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seem

[seem]
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verb (used without object)
  1. to appear to be, feel, do, etc.: She seems better this morning.
  2. to appear to one's own senses, mind, observation, judgment, etc.: It seems to me that someone is calling.
  3. to appear to exist: There seems no need to go now.
  4. to appear to be true, probable, or evident: It seems likely to rain.
  5. to give the outward appearance of being or to pretend to be: He only seems friendly because he wants you to like him.

Origin of seem

1150–1200; Middle English seme < Old Norse sœma to befit, beseem, derivative of sœmr fitting, seemly; akin to sōmi honor

Synonyms

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4. Seem, appear, look refer to an outward aspect that may or may not be contrary to reality. Seem is applied to something that has an aspect of truth and probability: It seems warmer today. Appear suggests the giving of an impression that may be superficial or illusory: The house appears to be deserted. Look more vividly suggests the use of the eye (literally or figuratively) or the aspect as perceived by the eye: She looked very much frightened.
Dictionary.com Unabridged Based on the Random House Unabridged Dictionary, © Random House, Inc. 2018

Examples from the Web for seemed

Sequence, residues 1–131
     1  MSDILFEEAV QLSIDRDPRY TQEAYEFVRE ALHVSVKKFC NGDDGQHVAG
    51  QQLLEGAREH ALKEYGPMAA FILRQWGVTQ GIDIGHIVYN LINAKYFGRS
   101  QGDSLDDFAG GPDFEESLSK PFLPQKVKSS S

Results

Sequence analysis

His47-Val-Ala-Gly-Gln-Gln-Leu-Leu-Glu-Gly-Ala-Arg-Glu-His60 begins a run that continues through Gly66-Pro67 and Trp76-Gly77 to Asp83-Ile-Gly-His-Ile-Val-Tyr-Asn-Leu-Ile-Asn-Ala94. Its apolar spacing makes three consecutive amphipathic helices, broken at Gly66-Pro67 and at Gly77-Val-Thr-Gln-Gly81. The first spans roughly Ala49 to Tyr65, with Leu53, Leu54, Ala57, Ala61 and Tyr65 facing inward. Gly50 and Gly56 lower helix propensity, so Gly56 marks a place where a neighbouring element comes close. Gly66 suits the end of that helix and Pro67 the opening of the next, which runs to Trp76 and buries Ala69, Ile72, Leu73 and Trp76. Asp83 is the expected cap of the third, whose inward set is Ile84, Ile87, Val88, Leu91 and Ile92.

Contemporary Examples

Historical Examples

  • A gentle strain of music, scarcely audible, seemed to make reply.

    Philothea

    Lydia Maria Child

  • He seemed to make a strong effort to check some sudden impulse.

    Philothea

    Lydia Maria Child

  • Yet all seemed cheerless; for the heart of Paralus was desolate.

    Philothea

    Lydia Maria Child

  • Soon as I looked at her it seemed to me I'd known her always.

    The Spenders

    Harry Leon Wilson

  • Making an effort to rise, he seemed surprised at his own weakness.

    Philothea

    Lydia Maria Child


British Dictionary definitions for seemed

seem

verb (may take an infinitive)
  1. (copula) to appear to the mind or eye; lookthis seems nice; the car seems to be running well
  2. to give the impression of existing; appear to bethere seems no need for all this nonsense
  3. used to diminish the force of a following infinitive to be polite, more noncommittal, etcI can't seem to get through to you
Derived Formsseemer, noun

Word Origin

C12: perhaps from Old Norse soma to beseem, from sœmr befitting; related to Old English sēman to reconcile; see same

xref

See like 1
Collins English Dictionary - Complete & Unabridged 2012 Digital Edition © William Collins Sons & Co. Ltd. 1979, 1986 © HarperCollins Publishers 1998, 2000, 2003, 2005, 2006, 2007, 2009, 2012

Word Origin and History for seemed

seem

v.

c.1200, "to appear to be;" c.1300, "to be fitting, be appropriate, be suitable," though the more recent sense in English is the etymological one; from Old Norse soema "to honor; to put up with; to conform to (the world, etc.)," verb derived from adjective soemr "fitting," from Proto-Germanic *somi- (cf. Old English som "agreement, reconciliation," seman "to conciliate," source of Middle English semen "to settle a dispute," literally "to make one;" Old Danish some "to be proper or seemly"), from PIE *som-i-, from root *sem- "one, as one" (see same). Related: Seemed; seeming.

Online Etymology Dictionary, © 2010 Douglas Harper